Tag Archives: regression to the mean

The Likelihood of Genetic Group Differences in IQ: The Black White Gap in IQ

I apologize in advance for the daunting length of this post. My sole excuse is that I should have made it still longer to cover the topic.

In dealing with any controversy, it’s usually healthiest to begin at the sticking point. On the question of the impact of biology on political ideology, it’s plain enough what that is: group differences in IQ in general, and the black-white gap in IQ in particular.

I believe the best evidence is that the black-white IQ gap is real, that IQ measures something basic about intelligence, and that the difference between the average IQ of blacks and the average IQ of whites is based in substantial part on genetic differences between the two groups.

I’ll focus on the claim regarding the substantial genetic basis for the IQ gap. The evidence is perhaps best summarized in the following sequence of papers. The series commences with an initial paper by Arthur Jensen and Phillipe Rushton, is followed by criticisms from some of the most prominent anti-heriditarians, and ends with a final response to their critics from Jensen and Rushton:

Rushton, J. P., & Jensen, A. R. (2005). Thirty years of research on race differences in cognitive ability. Psychology, Public Policy, and Law, 11, 235-294.

Sternberg, R. J. (2005). There are no public-policy implications: A reply to Rushton and Jensen (2005). Psychology, Public Policy, and Law, 11, 295-301.

Nisbett, R. E. (2005). Heredity, environment, and race differences in IQ: A commentary on Rushton and Jensen (2005). Psychology, Public Policy, and Law, 11, 302-310.

Gottfredson, L. S. (2005). What if the hereditarian hypothesis is true? Psychology, Public Policy, and Law, 11, 311-319.

Suzuki, L., & Aronson, J. (2005). The cultural malleability of intelligence and its impact on the racial/ethnic hierarchy. Psychology, Public Policy, and Law, 11, 320-327.

Rushton, J. P., & Jensen, A. R (2005). Wanted: More race realism, less moralistic fallacy. Psychology, Public Policy, and Law, 11, 328-336.

Another paper that responds to the most recent criticism of the hereditarian hypothesis, in the book “Intelligence and How to Get It: Why Schools and Cultures Count” by Richard Nisbett, is this paper, again by Jensen and Rushton.

Also a very good summary of the latest data regarding the black-white IQ gap can be found in Charles Murray’s article The Inequality Taboo, from 2005.

As these papers make clear, there exist any number of items of evidence that point to the conclusion that the black-white IQ gap is quite considerable, and its genetic basis substantial. It is of course that evidence considered in aggregate that most inescapably nails down those conclusions. Yet some items seem even standing by themselves quite powerful.

I would subsume that evidence under the rubric of “regression to the mean” effects. Jensen and Rushton in “Thirty years of research on race differences in cognitive ability”, linked to above, describe the phenomenon and some of the evidence:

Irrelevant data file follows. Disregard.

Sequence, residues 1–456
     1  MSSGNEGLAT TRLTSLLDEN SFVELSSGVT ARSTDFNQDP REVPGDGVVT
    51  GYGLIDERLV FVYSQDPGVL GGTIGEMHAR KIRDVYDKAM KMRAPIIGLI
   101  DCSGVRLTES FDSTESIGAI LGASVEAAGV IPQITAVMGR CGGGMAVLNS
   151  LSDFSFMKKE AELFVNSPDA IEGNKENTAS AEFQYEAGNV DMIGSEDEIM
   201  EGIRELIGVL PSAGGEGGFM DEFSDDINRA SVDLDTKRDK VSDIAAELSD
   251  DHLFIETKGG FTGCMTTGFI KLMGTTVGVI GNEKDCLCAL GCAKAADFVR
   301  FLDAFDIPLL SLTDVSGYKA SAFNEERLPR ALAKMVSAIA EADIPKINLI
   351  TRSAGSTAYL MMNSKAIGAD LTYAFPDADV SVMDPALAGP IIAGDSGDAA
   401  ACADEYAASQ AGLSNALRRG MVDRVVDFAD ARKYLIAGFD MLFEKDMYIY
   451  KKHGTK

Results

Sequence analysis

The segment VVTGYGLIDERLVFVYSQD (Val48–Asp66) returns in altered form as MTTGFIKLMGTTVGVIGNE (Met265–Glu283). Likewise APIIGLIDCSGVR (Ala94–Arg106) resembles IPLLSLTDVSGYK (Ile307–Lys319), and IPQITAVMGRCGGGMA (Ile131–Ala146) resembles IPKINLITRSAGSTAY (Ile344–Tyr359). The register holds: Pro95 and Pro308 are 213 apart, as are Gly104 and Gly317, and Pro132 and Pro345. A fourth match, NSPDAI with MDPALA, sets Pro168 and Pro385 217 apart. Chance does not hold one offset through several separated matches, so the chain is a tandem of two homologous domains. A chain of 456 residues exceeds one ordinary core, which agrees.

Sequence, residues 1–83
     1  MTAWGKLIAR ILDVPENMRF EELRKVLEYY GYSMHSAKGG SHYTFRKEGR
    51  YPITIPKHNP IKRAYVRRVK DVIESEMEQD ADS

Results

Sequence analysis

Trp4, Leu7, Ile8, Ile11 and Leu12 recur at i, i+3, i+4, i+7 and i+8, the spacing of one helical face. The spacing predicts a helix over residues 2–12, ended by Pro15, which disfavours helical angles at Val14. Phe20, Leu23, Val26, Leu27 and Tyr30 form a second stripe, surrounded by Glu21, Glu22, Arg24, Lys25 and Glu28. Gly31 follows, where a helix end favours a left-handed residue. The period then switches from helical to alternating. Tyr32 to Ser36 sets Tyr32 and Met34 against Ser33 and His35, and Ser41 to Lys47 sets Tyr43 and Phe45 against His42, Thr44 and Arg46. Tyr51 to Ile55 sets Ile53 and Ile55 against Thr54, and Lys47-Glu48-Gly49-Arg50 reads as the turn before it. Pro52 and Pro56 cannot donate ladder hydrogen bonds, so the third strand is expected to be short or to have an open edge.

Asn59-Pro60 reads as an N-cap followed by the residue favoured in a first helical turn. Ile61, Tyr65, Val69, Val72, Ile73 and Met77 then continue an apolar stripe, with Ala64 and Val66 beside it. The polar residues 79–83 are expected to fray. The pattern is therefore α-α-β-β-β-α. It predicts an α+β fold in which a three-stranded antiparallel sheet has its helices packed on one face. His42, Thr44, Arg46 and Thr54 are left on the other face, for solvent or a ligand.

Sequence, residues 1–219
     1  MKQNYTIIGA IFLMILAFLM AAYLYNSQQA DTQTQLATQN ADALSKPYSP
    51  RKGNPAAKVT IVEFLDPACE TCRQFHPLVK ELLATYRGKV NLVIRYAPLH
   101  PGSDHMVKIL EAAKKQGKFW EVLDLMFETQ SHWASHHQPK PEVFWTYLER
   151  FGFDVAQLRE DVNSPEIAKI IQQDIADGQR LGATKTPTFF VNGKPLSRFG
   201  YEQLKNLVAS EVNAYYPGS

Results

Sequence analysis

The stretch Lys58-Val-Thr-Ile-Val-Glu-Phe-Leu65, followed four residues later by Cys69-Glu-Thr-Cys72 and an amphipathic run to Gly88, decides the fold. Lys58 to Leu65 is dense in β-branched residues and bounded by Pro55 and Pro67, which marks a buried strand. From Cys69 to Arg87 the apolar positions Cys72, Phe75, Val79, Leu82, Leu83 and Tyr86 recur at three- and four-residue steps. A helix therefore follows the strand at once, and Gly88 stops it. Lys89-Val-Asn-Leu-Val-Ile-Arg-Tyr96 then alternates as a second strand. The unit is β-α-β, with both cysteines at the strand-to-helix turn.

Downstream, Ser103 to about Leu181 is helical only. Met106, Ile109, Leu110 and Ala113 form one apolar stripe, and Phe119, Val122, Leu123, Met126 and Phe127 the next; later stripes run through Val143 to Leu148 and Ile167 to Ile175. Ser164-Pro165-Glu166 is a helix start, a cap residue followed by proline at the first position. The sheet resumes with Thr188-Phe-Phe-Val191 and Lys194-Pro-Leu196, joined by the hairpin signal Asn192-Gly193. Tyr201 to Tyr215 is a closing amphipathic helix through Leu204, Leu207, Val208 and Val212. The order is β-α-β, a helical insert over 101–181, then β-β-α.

Regression toward the mean provides still another method of testing if the group differences are genetic. Regression toward the mean is seen, on average, when individuals with high IQ scores mate and their children show lower scores than their parents. This is because the parents pass on some, but not all, of their genes to their offspring. The converse happens for low IQ parents; they have children with somewhat higher IQs. Although parents pass on a random half of their genes to their offspring, they cannot pass on the particular combinations of genes that cause their own exceptionality. This is analogous to rolling a pair of dice and having them come up two 6s or two 1s. The odds are that on the next roll, you will get some value that is not quite as high (or as low). Physical and psychological traits involving dominant and recessive genes show some regression effect. Genetic theory predicts the magnitude of the regression effect to be smaller the closer the degree of kinship between the individuals being compared (e.g., identical twin  full-sibling or parent– child  half-sibling). Culture-only theory makes no systematic or quantitative predictions.

For any trait, scores should move toward the average for that population. So in the United States, genetic theory predicts that the children of Black parents of IQ 115 will regress toward the Black IQ average of 85, whereas children of White parents of IQ 115 will regress toward the White IQ average of 100. Similarly, children of Black parents of IQ 70 should move up toward the Black IQ average of 85, whereas children of White parents of IQ 70 should move up toward the White IQ average of 100. This hypothesis has been tested and the predictions confirmed. Regression would explain why Black children born to high IQ, wealthy Black parents have test scores 2 to 4 points lower than do White children born to low IQ, poor White parents (Jensen, 1998b, p. 358). High IQ Black parents do not pass on the full measure of their genetic advantage to their children, even though they gave them a good upbringing and good schools, often better than their own. (The same, of course, applies to high IQ White parents.) Culture-only theory cannot predict these results but must argue that cultural factors somehow imitate the effect theoretically predicted by genetic theory, which have also been demonstrated in studies of physical traits and in animals.

Jensen (1973, pp. 107–119) tested the regression predictions with data from siblings (900 White sibling pairs and 500 Black sibling pairs). These provide an even better test than parent– offspring comparisons because siblings share very similar environments. Black and White children matched for IQ had siblings who had regressed approximately halfway to their respective population means rather than to the mean of the combined population. For example, when Black children and White children were matched with IQs of 120, the siblings of Black children averaged close to 100, whereas the siblings of White children averaged close to 110. A reverse effect was found with children matched at the lower end of the IQ scale. When Black children and White children are matched for IQs of 70, the siblings of the Black children averaged about 78, whereas the siblings of the White children averaged about 85. The regression line showed no significant departure from linearity throughout the range of IQ from 50 to 150, as predicted by genetic theory but not by culture-only theory.